With little knowledge of federal compliance reporting requirements, few of the gold buyers jumping into a growing market implement controls meant to stymie money launderers, say industry professionals. The problem is one of numbers. As the price of gold has surged from around $700 per ounce in late 2008 to $1,587 per ounce as of Thursday, thousands of small businesses that buy and sell gold have launched to take advantage of the boom. The number of Internal Revenue Service examiners charged with enforcing anti-money laundering (AML) regulations for the sector has remained roughly the same, at less than 400. Under...
New Zealand's Ministry of Justice called for industry input ahead of the government's submission next year of legislation that could impose anti-money laundering rules on non-bank businesses and amend suspicious activity reporting obligations.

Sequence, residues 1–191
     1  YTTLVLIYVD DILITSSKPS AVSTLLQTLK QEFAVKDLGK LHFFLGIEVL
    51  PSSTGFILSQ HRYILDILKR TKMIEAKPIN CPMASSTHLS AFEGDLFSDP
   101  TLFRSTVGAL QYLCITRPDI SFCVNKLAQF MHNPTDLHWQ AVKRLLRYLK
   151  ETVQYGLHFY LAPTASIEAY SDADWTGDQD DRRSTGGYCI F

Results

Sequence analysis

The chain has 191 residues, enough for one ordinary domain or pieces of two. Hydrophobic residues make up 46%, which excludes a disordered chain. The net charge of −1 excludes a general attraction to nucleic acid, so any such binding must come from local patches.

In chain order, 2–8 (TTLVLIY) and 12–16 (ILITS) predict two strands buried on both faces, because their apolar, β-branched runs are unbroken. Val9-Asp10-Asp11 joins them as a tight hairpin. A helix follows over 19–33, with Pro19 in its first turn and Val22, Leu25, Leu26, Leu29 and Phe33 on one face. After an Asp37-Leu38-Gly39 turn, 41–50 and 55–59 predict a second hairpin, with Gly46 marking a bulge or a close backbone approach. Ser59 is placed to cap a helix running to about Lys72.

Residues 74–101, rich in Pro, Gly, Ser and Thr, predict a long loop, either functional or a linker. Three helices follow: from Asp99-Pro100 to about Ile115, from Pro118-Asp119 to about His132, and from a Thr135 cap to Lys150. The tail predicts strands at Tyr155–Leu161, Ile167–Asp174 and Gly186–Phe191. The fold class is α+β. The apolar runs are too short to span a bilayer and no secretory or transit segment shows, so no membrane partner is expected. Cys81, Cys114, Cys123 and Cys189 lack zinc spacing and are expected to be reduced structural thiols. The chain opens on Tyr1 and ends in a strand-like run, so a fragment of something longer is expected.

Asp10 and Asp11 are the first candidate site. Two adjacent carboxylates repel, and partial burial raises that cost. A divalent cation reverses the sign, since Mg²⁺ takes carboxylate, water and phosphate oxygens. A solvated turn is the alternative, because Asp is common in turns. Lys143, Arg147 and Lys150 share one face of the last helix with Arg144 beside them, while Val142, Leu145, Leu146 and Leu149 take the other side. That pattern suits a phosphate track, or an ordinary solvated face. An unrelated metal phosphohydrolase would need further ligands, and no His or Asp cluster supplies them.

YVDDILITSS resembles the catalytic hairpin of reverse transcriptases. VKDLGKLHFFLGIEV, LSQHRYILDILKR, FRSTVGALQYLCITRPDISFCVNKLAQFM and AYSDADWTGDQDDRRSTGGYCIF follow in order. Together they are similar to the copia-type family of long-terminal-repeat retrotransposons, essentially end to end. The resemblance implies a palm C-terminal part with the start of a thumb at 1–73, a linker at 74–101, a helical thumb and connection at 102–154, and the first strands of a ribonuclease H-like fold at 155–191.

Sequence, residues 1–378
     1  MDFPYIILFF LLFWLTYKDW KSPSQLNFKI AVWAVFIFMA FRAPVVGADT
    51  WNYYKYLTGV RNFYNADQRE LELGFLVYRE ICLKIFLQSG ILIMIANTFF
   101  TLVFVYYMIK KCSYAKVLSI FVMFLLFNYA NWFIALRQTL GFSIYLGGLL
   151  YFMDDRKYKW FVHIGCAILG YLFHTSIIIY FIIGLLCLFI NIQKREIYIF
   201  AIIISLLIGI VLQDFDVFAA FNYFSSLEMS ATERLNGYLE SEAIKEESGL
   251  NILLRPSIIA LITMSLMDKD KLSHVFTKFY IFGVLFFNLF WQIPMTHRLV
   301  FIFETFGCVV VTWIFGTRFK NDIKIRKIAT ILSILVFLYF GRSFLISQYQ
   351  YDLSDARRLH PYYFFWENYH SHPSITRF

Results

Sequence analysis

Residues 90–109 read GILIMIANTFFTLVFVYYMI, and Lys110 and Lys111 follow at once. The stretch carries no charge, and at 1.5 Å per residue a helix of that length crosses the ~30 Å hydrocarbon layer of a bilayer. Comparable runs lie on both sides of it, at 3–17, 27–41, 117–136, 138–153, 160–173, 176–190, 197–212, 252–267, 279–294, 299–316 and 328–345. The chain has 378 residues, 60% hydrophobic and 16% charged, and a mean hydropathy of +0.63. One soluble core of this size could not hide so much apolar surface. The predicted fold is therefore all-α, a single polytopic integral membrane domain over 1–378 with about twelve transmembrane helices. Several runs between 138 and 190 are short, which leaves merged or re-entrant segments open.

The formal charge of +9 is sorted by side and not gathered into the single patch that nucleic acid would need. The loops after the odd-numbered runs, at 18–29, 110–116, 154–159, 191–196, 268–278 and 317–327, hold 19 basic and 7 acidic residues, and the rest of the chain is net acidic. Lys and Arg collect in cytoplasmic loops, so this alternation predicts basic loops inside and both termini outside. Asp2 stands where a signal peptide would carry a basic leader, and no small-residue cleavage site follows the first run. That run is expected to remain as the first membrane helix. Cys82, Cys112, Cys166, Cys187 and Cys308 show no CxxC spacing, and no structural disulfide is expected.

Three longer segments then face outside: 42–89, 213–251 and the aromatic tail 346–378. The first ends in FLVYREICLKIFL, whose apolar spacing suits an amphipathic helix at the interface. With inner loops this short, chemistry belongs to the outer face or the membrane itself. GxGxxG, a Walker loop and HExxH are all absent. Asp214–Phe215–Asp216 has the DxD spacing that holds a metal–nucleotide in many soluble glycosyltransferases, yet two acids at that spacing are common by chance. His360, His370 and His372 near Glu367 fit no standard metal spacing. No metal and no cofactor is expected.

The U.S. Treasury Department's Financial Crimes Enforcement Network issued a rule confirming that precious metals dealers and insurance companies are required to maintain anti-money laundering programs.
Jewelry dealers left an AML seminar last week in New York with unanswered questions about their Bank Secrecy Act responsibilities. The IRS representative who led the session said she couldn't give certain answers in part because she doesn't yet know the particulars of the industry.